Semiconductor Glossary, Developed Semi OneSource.

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With over 2000 terms defined and explained, Semiconductor Glossary is the most complete reference in the field of semiconductors on the market today.


Including some 500 new terms defined and remaining terms updated and modified, a 2nd edition book version of this glossary is now available.

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Term (Index) Definition
zirconium silicate, ZrSiO4  dielectric material featuring dielectric constant about 15; thermodynamically stable with Si; in contact with Si combines characteristics of silicon dioxide,SiO2,and zirconium oxide, ZrO2; considered to be among prime candidates for a gate dielectric in next generation CMOS devices.
alternative dielectrics  dielectrics featuring dielectric constant k > 3.9 (3.9 is a dielectric constant of SiO2)and acting as gate oxides in silicon MOS devices instead of SiO2; referred to as "high-k dielectrics"; also dielectrics featuring dielectric constant k < 3.9 and used as ILD; referred to as "low-k dielectrics".
hafnium oxide, HfO2  high-k dielectric considered for next generation MOS gates; dielectric constant k ~25; limited thermal stability with silicon; thermally stable up to 700oC.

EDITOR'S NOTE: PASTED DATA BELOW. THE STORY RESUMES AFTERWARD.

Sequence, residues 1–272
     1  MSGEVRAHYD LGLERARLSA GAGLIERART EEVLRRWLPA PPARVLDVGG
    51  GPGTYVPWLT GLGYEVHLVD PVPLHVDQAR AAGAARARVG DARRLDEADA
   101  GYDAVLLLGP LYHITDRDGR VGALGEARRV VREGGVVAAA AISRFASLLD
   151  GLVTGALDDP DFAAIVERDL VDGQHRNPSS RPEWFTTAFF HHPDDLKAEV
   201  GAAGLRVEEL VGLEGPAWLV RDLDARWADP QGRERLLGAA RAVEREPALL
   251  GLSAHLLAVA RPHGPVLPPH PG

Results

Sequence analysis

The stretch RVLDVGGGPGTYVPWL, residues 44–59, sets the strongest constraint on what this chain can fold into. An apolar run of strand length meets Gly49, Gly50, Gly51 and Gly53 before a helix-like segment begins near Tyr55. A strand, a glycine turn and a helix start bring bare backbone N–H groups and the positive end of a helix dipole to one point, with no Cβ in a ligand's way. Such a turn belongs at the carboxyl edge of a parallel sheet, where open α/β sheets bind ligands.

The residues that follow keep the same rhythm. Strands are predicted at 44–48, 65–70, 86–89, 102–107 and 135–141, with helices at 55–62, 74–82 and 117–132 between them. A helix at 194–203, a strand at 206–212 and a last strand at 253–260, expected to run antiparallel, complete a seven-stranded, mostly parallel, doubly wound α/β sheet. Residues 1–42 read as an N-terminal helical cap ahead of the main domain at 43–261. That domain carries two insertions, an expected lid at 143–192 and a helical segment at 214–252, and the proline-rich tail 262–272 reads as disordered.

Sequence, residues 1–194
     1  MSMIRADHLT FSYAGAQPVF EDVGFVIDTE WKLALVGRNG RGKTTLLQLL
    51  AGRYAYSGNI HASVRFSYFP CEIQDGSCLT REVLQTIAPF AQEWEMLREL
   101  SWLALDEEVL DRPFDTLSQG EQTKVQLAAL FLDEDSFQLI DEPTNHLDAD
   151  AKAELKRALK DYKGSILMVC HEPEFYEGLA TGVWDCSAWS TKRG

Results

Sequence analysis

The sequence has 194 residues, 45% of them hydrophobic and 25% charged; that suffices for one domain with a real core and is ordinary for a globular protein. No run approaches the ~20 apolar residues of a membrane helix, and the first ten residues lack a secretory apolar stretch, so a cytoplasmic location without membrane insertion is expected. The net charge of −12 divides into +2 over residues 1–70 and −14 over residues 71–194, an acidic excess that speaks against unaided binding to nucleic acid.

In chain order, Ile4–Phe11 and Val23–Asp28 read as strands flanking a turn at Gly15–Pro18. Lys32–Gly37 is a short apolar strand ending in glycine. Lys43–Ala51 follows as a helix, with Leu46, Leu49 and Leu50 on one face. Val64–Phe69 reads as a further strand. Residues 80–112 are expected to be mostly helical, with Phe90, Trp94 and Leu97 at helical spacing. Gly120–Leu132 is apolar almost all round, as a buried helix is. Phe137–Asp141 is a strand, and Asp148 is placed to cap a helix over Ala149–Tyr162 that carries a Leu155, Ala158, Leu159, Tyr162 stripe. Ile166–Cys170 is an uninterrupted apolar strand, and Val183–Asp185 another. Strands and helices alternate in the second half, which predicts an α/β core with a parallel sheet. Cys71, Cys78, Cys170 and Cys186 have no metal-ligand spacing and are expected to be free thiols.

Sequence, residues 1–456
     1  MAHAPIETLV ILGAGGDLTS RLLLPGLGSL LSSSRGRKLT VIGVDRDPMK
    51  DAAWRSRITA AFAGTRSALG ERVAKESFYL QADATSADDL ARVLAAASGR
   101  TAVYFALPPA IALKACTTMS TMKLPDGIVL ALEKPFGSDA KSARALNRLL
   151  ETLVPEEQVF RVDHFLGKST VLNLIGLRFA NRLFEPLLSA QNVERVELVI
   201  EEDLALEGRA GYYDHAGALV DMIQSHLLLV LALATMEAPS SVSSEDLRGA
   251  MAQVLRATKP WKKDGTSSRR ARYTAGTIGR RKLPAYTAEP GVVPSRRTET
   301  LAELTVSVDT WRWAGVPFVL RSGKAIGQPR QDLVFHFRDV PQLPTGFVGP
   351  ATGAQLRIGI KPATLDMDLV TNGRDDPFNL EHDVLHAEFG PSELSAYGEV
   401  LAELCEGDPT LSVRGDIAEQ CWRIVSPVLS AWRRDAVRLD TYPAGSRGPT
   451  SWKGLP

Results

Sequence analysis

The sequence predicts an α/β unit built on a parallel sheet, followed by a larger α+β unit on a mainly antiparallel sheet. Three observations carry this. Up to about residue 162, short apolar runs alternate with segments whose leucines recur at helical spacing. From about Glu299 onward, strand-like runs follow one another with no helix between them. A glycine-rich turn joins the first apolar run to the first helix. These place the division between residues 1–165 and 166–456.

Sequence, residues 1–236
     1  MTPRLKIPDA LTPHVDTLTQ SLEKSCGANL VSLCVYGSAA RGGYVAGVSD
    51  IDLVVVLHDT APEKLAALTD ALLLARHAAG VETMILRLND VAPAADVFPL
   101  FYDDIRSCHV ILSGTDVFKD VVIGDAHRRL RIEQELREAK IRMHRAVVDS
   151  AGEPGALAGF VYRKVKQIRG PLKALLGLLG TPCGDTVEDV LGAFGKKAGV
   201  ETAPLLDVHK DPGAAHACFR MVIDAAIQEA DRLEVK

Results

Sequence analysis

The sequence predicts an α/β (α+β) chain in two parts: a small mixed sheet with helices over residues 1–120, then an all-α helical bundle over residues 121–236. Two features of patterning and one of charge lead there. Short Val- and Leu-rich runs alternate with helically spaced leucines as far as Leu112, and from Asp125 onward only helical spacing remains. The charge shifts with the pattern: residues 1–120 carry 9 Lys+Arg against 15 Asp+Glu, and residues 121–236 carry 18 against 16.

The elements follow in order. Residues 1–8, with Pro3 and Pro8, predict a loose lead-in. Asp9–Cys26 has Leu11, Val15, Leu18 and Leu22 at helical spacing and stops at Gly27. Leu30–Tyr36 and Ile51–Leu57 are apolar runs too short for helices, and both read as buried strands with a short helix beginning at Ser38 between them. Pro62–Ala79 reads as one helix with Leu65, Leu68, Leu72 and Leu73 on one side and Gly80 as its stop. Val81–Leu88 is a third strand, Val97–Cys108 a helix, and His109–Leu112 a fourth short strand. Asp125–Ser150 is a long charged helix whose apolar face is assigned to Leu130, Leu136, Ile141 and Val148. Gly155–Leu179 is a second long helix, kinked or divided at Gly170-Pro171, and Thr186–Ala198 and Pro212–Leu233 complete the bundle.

hafnium silicate, HfSiO4  high-k dielectric considered for next generation MOS gates, k~15-18; thermodynamically stable with silicon.
zirconuim oxide, zirconia, ZrO2  dielectric featuring dielectric constant k in the range of 20-25; thermodynamically stable with silicon but tends to crystallize at about 700 o; considered as an alternative gate dielectric for next generation MOS technology.
gate oxide  a layer of very thin oxide sandwiched between semiconductor and gate contact in MOS devices; can be as thin as 1 nm in advance silicon digital integrated circuits and as thick as 70 nm in discrete power MOSFETs; typically thermally grown SiO2, often nitrided; in ultra-small geometry CMOS ICs SiO2 can be replaced with dielectrics fetauring higher than SiO2 dielectric constant.
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Jerzy Ruzyllo is a Distinguished Professor Emeritus in the Department of Electrical Engineering at Penn State University.

This book gives a complete account of semiconductor engineering covering semiconductor properties, semiconductor materials, semiconductor devices and their uses, process technology, fabrication processes, and semiconductor materials and process characterization.

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Created and operated by J. Ruzyllo. Copyright J. Ruzyllo 2001-2016. All rights reserved.

Information in this glossary is provided at the author's discretion. Any liability based on, or related to the contents of this glossary is disclaimed.